Data Sharing & Analytics

The National Collaborative's Analytics Committee (NCAC)


The building blocks of a data sharing strategy are laid out in this Guide to Data Management, Privacy & Confidentiality, and Predictive Analytics. The three-part Guide, which you will find below, includes state and county use cases, case studies, compendia, principles, and much more. This work was created by the National Collaborative Analytics Committee (NCAC), whose membership includes county health and human service (H/HS) directors; health IT coordinators, analysts, and Chief Information Officers (CIO) of state and county H/HS departments; representatives from research and policy centers; and industry partners. This Guide is the NCAC’s third work product, building on previous work around data analytics and system readiness in H/HS. More information and links the previous work can be found at the bottom of the page.

Overview: Why Does Analytics Matter in the Health & Human Services Field?

Human-serving programs (publicly-funded programs that provide people social and economic supports that can improve their quality of life) have been aiming to modernize and improve how their services can most effectively improve outcomes for individuals, children, and families. The complexities of this cross-programmatic and cross-sector system of care have presented obstacles to the human-serving field’s ability to “modernize” and to keep pace with other industries, such as healthcare. Still, even with limited funding, restrictive data sharing requirements, and workforce shortages, public sector health and human service (H/HS) agencies, and the private providers with which they contract, continue to design innovative solutions and to adopt existing business methods to make such improvements.

H/HS organizations are putting a lot of time, effort, and whatever resources they can marshal to maximize individual, programmatic, and population-level data as an asset to reconfigure their operations and measure success. With the increasing demand for accountability, the human-serving field is determining how to best use and share data, particularly sensitive data, to make life easier for people, and to improve the health and well-being of Americans and the organizations that interface with them on a regular basis. [You can read the rest of the Overview here .]

Guide to Data Management, Privacy & Confidentiality, and Predictive Analytics

Full Committee Roster  - We thank everyone who volunteered their time and expertise to help create this body of work.

I. Data Management & Proven Data Governance Practices

This section of the NCAC was charged with (1) the identification of jurisdictions with successful examples of data sharing and management, and (2) the development of practical templates of data governance structure. Here you will find use cases, definitions and graphical representations of various agreements (ex: MOU, MOA, etc.), and a list of barriers to data sharing with proposed mitigation strategies.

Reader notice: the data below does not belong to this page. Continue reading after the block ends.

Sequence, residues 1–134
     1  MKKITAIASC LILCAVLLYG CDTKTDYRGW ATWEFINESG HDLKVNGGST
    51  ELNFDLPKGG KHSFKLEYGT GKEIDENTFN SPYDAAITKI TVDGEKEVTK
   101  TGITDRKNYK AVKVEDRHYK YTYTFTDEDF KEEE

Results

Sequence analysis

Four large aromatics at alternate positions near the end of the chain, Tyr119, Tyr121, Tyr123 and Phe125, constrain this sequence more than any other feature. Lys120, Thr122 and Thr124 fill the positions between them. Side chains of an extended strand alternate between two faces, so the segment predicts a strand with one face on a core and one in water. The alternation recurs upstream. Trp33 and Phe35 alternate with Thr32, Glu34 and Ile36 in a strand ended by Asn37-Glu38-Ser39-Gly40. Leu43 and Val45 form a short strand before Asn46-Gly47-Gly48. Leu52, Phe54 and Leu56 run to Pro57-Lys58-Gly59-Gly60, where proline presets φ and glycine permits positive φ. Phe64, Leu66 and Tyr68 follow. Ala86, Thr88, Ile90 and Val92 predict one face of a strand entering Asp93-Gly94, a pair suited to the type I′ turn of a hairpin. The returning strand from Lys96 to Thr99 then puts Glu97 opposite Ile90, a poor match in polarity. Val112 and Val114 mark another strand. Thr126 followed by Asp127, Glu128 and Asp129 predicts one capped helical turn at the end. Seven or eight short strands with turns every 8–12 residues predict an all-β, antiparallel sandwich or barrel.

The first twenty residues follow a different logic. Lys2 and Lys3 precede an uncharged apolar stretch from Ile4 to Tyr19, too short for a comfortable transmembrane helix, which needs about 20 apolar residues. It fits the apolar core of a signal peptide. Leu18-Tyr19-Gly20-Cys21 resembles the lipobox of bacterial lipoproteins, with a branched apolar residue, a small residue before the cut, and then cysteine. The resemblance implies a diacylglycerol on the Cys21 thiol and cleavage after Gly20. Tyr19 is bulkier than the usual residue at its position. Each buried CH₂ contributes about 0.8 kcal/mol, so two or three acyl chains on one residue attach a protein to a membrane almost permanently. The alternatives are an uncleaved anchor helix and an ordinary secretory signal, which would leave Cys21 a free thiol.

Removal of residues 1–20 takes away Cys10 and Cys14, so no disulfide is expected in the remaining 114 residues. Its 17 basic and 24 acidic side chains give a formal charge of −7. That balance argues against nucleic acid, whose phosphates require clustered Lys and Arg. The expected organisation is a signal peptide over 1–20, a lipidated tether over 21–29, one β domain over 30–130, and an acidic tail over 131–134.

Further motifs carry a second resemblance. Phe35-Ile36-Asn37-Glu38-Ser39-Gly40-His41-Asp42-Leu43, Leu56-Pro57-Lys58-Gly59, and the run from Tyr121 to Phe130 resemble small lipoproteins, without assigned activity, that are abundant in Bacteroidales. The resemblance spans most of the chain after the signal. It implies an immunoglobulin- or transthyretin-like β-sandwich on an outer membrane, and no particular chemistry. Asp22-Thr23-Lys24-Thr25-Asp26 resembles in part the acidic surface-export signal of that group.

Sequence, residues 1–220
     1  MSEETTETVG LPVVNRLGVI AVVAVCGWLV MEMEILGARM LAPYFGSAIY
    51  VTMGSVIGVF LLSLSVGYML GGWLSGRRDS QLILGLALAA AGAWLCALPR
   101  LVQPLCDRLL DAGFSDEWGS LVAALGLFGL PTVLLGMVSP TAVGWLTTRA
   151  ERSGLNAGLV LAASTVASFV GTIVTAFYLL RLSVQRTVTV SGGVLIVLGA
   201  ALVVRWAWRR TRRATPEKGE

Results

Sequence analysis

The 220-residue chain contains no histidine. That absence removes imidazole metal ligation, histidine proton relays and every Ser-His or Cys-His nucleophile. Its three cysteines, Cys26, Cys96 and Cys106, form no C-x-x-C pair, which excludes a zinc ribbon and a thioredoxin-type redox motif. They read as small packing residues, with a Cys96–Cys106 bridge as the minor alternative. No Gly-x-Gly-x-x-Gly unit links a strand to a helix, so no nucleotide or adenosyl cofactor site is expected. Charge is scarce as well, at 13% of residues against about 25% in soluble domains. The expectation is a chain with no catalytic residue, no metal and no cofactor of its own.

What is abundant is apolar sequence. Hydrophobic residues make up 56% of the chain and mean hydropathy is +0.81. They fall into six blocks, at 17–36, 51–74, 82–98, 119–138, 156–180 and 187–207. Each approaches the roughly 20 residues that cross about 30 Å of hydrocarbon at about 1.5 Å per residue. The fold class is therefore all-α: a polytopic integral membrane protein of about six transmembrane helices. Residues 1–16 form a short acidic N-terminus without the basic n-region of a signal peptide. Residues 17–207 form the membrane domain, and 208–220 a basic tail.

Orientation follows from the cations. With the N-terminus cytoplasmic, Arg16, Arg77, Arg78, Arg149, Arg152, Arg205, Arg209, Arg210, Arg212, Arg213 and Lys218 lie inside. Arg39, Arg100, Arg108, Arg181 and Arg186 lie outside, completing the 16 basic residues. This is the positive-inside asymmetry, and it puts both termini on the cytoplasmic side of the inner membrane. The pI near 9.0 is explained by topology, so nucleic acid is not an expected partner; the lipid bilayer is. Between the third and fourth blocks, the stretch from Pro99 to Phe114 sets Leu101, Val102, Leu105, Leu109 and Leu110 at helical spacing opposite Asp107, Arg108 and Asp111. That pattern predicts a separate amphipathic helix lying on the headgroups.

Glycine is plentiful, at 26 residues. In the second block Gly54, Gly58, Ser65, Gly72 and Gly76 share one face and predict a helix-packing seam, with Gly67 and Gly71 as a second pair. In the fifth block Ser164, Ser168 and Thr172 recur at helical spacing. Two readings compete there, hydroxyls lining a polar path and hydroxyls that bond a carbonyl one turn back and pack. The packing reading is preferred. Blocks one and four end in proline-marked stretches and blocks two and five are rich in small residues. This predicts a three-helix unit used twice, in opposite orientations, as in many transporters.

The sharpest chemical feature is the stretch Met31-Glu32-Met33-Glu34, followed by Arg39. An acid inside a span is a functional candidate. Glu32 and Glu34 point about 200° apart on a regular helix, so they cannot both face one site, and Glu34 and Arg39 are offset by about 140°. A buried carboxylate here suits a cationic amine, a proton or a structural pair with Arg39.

II. Privacy & Confidentiality Impact on Data Sharing

This section of the NCAC was charged with identifying or developing practical tools for states/localities to assist in making the legal case for data sharing (and consent). Here you will find a resource compendium of consent agreements and data sharing statutes, and an FAQ and resource collection for data governance.

III. Predictive Analytics & Modeling

This section of the NCAC was charged with developing case studies on current and cross-usage by states/localities of predictive analytics. Here you will find an introduction to predictive analytics, and five case studies from states all along the “analytics curve” – presenting their work and lessons learned.

This Guide is composed of "living documents" that may frequently be updated. If you have any comments, questions, or updates to share, please contact Christina Becker at

Previous Foundational Work of the NCAC

This Guide is the extension of efforts previously conducted by APHSA’s NCAC. Below you will find information and work products from the past two years of our Committee’s work.

  • In 2014, the Committee released the Analytic Capability Roadmap 1.0 for Human Service Agencies . The Roadmap provides human service agencies with a starting point to define what analytics in human services means. The Roadmap also helps them assess current (analytic) capability and developing an analytic strategy to help meet their organizational objectives and measure outcomes across programs.

    • On June 2, 2014, the Analytic Committee members reviewed the elements of the Roadmap and provided examples of where state & local jurisdictions are on the Analytic Capability Curve.  Slides

  • In 2015, the Committee released the 2015 Roadmap to Capacity Building in Analytics , a white paper building upon the Committee's 2014 work. The 2015 Roadmap provides information on: (1) analytical capabilities required for successful analytical efforts, (2) skill sets as well as governance structures and change management processes for such efforts, and (3) practical examples of existing solutions across public and private health and human service sectors.

Webinar Video Recording

Analytics in Human Services: Tools and Perspectives from the Field

Including an overview of APHSA’s National Collaborative Analytics Committee tools

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Video Recording from
June 13, 2018

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